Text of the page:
Rapid Prototyping and Quick Deployment of Sensor Networks

Mahesh Arumugam


Event-driven programming platforms for sensor networks require the programmers to deal with several challenges including buffer management, stack management, and flow control. To simplify the design of sensor network protocols, several high-level primitives are proposed. However, these primitives have to be implemented in an existing event-driven programming platform and most of them still require the programmers to use the same platform (though some intricate details of the platform are hidden).

In this dissertation, we develop tools and protocols that enable the programmers to rapidly prototype and quickly deploy sensor network protocols. We propose to reuse existing abstract models from distributed computing literature (e.g., read/write model, shared-memory model). Since these models hide several low-level challenges of the target system, programs written in these models are simple, easy to understand, and concise. These abstract programs must then be transformed into a model consistent with sensor networks. The main contributions of this dissertation are as follows.

We consider a new computational model for sensor networks, namely, {\em write all with collision} (WAC) model  and develop algorithms that transform programs written in traditional abstract models into sensor networks. We show that the transformation algorithms preserve the self-stabilization property of the original programs.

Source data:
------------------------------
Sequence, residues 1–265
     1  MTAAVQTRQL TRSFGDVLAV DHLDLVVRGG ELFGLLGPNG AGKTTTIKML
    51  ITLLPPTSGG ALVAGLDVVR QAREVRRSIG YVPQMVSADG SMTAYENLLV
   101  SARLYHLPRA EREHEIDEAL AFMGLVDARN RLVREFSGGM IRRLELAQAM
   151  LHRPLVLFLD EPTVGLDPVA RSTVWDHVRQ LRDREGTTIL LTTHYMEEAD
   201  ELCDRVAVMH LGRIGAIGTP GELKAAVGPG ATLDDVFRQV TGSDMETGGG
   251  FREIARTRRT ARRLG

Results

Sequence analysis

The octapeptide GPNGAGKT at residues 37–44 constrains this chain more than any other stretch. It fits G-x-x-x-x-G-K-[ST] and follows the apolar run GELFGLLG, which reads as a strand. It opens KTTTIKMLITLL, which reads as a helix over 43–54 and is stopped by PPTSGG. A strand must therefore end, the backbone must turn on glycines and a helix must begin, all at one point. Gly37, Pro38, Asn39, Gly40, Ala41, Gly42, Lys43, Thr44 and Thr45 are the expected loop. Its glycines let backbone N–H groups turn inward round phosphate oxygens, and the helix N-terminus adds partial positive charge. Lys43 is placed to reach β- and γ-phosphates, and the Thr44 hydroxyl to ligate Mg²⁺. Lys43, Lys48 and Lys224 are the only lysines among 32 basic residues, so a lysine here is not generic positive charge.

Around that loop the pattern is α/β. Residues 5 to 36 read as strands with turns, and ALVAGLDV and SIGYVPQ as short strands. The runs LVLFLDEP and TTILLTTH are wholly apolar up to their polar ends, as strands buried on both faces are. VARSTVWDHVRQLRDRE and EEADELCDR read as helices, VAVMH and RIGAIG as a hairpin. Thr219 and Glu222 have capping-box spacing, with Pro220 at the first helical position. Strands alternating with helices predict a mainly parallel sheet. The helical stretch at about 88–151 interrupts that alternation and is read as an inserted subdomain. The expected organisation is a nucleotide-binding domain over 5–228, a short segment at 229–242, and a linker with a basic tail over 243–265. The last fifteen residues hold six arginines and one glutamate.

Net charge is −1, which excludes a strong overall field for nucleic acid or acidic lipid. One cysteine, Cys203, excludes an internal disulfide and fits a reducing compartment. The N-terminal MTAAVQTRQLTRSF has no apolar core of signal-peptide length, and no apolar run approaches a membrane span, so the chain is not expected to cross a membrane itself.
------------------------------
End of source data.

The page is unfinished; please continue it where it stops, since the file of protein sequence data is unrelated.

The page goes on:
Based on this theoretical foundation, we propose {\em ProSe}, a programming tool for sensor networks. ProSe enables the programmers to (1) specify protocols in simple abstract models, (2) reuse existing fault-tolerant/self-stabilizing protocols from the literature in the context of sensor networks, and (3) automatically generate and deploy code.
To quickly deploy the generated programs, we propose {\em Infuse}, a bulk data dissemination protocol for reprogramming the sensors in-place. To deal with arbitrary channel errors, we extend the sliding window mechanisms of TCP/IP. We show that Infuse provides a reliable and energy-efficient data dissemination service through simulations and real-world experiments.

Based on our experience in developing sensor network applications, we expect that these results would simplify the protocol design, implementation, evaluation, and deployment. As a result, it enables the transition where protocols are designed by {\em domain experts} rather than {\em experts in sensor networks}.


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